While you can write web applications and text-based ensembles in Repl.it, sometimes it's nice to be able to just put together a simple HTML/CSS website using the same awesome editor!

Making your first website tutorial!

This is a guide for making your very first website using HTML and CSS and, if you follow the tutorial, you should end up with something that looks like this:

Though, to succeed with this tutorial, your final website should not look like that. To succeed at this tutorial, you should branch off and get creative with the code you write because you won't be just making just a website but your website!

The first thing we're going to do is go to https://repl.it and, where it says "Search for a Language", start typing "HTML" then select the HTML, CSS, JS option that comes up.

If you have another screen come up (where your url ends with /repls, /teacher, or /student), you can head over to https://repl.it/languages and select the HTML, CSS, JS option that way.

Now that the environment's loaded, it should look something like this:

If you press the run button right now with the code inside the editor, you won't see much because, well, there isn't much to display. However we can change that!

In the area that starts with <!DOCTYPE html>, select all the text and delete it. In the blank space, put the following code in

<!DOCTYPE html>
<html>
  <head>
  </head>
  <body>
    <h1>Hello World!</h1>
  </body>
</html>

Now when you press "Run", you should see the following come out.

Or, if you want to view the website in a separate tab, just click on the preview button!

You've successfully put together a "Hello World!" program in HTML! (Out of tradition, people start learning a new language by first learning how to say "Hello World!")

Let's figure out what's going on in this program before we add more bugs features.

The very first line

<!DOCTYPE html>

tells the browser that we want to display an html file, which it gladly does.

The following lines consist of words inside angle brackets that are called "tags" and are often grouped in pairs like

<html></html>

where the first tag is referred to as the "opening tag" and the second is referred to as the "closing tag" (an element without the opening/closing pair is then a "self-closing tag").

The set up we have with indents and opening and closing tags is not something I came up with randomly, if you inspect the element of the page (or right click and "View page source"), you should see a similar structure to this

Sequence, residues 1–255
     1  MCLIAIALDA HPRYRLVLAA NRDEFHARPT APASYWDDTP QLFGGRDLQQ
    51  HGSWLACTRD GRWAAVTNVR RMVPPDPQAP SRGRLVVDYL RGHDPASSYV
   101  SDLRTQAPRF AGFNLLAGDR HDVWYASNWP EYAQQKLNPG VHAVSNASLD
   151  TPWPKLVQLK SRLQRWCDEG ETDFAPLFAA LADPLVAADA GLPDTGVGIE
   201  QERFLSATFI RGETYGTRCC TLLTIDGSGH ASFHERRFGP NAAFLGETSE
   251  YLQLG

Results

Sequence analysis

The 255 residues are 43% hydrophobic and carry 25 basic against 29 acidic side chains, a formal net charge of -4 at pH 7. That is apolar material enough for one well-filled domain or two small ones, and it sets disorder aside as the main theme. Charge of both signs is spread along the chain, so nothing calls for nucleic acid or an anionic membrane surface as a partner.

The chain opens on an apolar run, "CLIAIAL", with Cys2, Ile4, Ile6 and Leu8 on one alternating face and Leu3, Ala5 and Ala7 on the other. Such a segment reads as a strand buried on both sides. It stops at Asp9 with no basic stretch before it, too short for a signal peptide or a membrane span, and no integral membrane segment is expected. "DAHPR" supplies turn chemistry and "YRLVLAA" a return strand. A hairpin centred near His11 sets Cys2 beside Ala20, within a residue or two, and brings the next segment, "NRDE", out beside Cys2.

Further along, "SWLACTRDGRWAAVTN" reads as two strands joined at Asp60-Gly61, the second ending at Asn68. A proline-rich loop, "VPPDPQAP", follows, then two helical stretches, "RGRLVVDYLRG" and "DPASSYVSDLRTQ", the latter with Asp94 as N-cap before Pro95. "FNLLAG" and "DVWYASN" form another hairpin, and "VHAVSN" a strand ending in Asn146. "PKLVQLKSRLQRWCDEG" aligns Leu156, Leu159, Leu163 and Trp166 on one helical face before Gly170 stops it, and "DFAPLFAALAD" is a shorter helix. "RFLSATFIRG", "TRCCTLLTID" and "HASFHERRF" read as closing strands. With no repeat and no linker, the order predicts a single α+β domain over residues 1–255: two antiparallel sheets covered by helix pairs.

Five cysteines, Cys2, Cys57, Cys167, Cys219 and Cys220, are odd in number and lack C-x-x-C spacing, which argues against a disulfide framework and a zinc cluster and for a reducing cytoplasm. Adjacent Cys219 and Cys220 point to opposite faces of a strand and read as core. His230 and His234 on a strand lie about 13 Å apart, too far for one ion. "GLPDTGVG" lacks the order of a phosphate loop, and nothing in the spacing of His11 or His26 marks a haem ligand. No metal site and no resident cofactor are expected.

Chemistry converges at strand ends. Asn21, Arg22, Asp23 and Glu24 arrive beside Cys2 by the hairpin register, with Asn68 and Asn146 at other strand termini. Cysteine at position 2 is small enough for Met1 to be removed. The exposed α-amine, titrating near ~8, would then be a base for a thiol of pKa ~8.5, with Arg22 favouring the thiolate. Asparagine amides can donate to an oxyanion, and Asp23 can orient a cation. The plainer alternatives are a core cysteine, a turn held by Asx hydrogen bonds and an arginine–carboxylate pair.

Getting back the code we have, at the top, we have a <head> tag, which you can think of as being the head of the website but we don't usually see things in here but, instead, in the <body> tag, which has all the juicy stuff.

Inside our <body> element, we have an <h1> tag, which displays text. The 1 in the tag refers to the size, see what happens when you change the "1" to other numbers like "2" or "3". Which numbers work? Which numbers don't work? There are plenty of elements and tags that can display text so, to mix things up, let's try the <p> tag out!

<!DOCTYPE html>
<html>
  <head>
  </head>
  <body>
    <h1>Hello World!</h1>
    <p>I love coding!
      I also love tiny plastic hands!</p>
  </body>
</html>

Once that's in, press "Run" and then:

As you can see, simply pressing enter or line break doesn't separate the two lines so, to fix that, let's put the two lines into their own <p>, or paragraph, tags so that your code looks like the following.

<!DOCTYPE html>
<html>
  <head>
  </head>
  <body>
    <h1>Hello World!</h1>
    <p>I love coding!</p>
    <p>I also love tiny plastic hands!</p>
  </body>
</html>

Let's run to make sure that the two lines are separated this time...

The reason we had to do that is because HTML does not change the spacing on content on the page, regardless of how many extra spaces or newlines there are.

Now that we've got text rolling, let's add in some images!

First thing you want to do is find an image that you want to put into your website. Feel free to use Google Images, Facebook, or some other site but, when you find the desired image, right click on it and select "Copy Image Address".

Images are inserted into webpages by using the image tag, or <img>. This element has an attribute or inner field called "src" that tells the browser where to find the image. Since we're using images from the internet with some url, what that will look like is (using the actual url instead of just the text url)

<img src="url"/>

As you can see, there's no </img> tag and I put a slash before the second angle bracket, so this is a self closing tag. The image tag is a self-closing tag because it does not actually store any content besides, with the src attribute, we wouldn't have anything to put inside the opening/closing tags so we're good the way it is.